Chapter 68 Grim Solution to Too Many Cats


          The day we learned how many cats are being euthanized was  a golden day under a sky where the blue stretched into forever.   Greta’s  Sunday afternoon plans  involved putting more squirrels back into trees and walking up the street to visit her friend Max, the border collie.  But sometimes the best-laid plans of dogs are interrupted  by their humans.

          Greta’s naked  ape  put her in the car and drove up to a barn that, on ordinary days,  houses a riding ring where disabled youngsters learn  to ride horses.  Once a year, the building  fills with dogs, cats, ferrets and their humans, moving from line to line in front of tables and chairs where volunteers write down information about the animals and then veterinarians give them rabies vaccination shots.

         Greta was okay with the driveway leading to the clinic.  There were tantalizing layers of scents where others had peed before her.  There were dogs walking in the same direction she was going.  Little dogs were riding in their humans’ arms.  Cats were thumping along in cat carriers.  Greta met some people who petted her and told her she was beautiful.

          An animal advocacy group stood outside the building passing out flyers urging people to have their cats spayed or neutered.

          The flyer contained a shocking statistic.  “In 2012, the Carroll County Humane Society destroyed 1,905 cats,” it stated.   That would mean the society staff had to kill an average of  more than five cats a day, every day, because there are too many cats and not enough homes for them.

         Is killing homeless cats the best solution we can find?   There has never been public support (and funding) for a no-kill shelter in the county.  But  absent such support, Animal Advocates of Carroll County offers  transportation to low-cost spay and neuter clinics and some financial aid, according to the flyer.   Neighboring counties also offer low-cost options to spay and neuter cats.  If we reduced the number of new kittens coming into the world, perhaps we wouldn’t have to kill so many to make room in the shelters.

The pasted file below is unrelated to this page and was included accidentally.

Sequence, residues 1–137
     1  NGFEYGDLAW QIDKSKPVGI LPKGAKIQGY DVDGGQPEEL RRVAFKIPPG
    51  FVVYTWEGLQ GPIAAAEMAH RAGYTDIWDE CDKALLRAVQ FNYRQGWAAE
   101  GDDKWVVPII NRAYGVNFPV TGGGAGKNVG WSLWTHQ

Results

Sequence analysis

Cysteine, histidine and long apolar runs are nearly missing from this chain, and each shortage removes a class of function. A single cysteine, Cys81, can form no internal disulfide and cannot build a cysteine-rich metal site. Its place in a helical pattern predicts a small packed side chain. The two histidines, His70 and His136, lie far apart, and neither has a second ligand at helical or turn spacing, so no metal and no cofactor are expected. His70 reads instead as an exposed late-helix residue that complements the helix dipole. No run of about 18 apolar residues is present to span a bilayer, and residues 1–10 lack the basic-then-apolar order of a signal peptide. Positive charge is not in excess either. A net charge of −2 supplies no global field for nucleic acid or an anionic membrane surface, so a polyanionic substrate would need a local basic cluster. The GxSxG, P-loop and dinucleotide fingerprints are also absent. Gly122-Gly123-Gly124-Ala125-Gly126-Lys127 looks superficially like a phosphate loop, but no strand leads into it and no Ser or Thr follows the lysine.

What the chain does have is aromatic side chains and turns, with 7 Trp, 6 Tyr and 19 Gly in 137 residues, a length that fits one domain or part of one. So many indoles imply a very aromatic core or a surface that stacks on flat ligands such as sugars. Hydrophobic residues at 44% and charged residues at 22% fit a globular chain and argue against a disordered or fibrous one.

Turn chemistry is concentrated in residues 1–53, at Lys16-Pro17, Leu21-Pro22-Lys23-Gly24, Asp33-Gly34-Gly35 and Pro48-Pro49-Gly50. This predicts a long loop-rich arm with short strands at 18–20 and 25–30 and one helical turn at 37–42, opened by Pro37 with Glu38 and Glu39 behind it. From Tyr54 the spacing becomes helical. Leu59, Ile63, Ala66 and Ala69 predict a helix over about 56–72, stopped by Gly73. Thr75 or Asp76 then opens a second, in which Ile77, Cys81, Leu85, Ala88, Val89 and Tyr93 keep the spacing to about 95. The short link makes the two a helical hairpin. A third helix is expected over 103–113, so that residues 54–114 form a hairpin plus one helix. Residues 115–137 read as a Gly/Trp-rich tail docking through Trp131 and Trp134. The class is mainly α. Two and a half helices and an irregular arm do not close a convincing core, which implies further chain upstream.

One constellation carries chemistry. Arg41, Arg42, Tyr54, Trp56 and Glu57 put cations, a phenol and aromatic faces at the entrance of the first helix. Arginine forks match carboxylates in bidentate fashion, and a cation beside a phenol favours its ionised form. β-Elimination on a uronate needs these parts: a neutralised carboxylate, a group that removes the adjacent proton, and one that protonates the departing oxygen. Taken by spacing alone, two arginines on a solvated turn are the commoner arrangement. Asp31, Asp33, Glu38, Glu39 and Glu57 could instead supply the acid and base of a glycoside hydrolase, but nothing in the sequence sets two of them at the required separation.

If Greta could add her voice,  I’m sure she wouldn’t want kitties to die needlessly.  Greta has to growl at her personal cat sometimes when Patches gets too near the dog’s food dish, but the cat is company for her when her person is not at home.  Greta has been spayed.  She never had a choice in the matter, but life without puppies seems to have been good for her.

          Although Greta had been fine with the approach to the rabies vaccination clinic building, it all changed inside.  She got in line with her person behind a pair of young humans.  Each had a cat carrier, but  Greta didn’t want to bother with the cats.  What she  really wanted was  to poke her nose at  the khaki-covered rear end of one of the cat owners.  He was less than enthusiastic, understandably.

          Waiting in line was stressful.  So many people, so many dogs, from  little Lhasa Apsos to a dog the size of a pony.  Someone sniffed her rear without even a basic preliminary “Hi.”  She didn’t see that coming, but the  dog may need to rethink his approach.  He won’t get far walking up to ladies and trying to get intimate without preliminaries.  Greta laid her ears back and tucked her tail over her private  parts,  presumably to resist future similar intrusions.

          We reached the registration table.  One of the volunteers tried to make friends with Greta, but she wasn’t interested.  Her ears stayed back and she sat down, just in case.  He understood that it was not a good time for her, friendship-wise.   We proceeded to the tables where veterinarians were giving the shots.

          “I can’t lift her onto a table,” I told the veterinary technician.

          “No, she’s not going on the table,” she replied.  “I’ll just hold her head while the doctor goes around back and gives her the shot.”

          A quick prick in the hip, and it was all over.  Greta and I walked out into the sunshine.

          Greta has forgotten the experience.  She has a new rabies vaccination tag, and she won’t have to go to the barn clinic again for three years, which is a long time as dogs measure time.  But the statistic about the cats hangs on the heart.  We can’t add a cat to the family, but we must find a way to help.

This entry was posted in cats, dog to dog communication, dogs, spay/neuter. Bookmark the permalink.

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